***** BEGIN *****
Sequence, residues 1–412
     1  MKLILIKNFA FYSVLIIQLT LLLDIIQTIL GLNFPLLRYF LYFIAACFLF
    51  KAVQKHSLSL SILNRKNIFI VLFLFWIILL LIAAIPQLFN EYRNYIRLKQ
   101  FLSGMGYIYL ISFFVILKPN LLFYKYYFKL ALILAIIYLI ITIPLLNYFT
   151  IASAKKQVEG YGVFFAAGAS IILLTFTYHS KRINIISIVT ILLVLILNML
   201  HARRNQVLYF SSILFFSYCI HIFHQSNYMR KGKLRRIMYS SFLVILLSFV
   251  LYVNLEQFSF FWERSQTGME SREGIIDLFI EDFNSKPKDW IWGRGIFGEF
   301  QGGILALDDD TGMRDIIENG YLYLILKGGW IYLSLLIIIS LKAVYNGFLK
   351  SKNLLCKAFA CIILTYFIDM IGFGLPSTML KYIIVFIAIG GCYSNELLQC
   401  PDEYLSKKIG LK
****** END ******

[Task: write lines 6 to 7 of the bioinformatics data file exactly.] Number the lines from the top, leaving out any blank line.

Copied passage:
   201  HARRNQVLYF SSILFFSYCI HIFHQSNYMR KGKLRRIMYS SFLVILLSFV
   251  LYVNLEQFSF FWERSQTGME SREGIIDLFI EDFNSKPKDW IWGRGIFGEF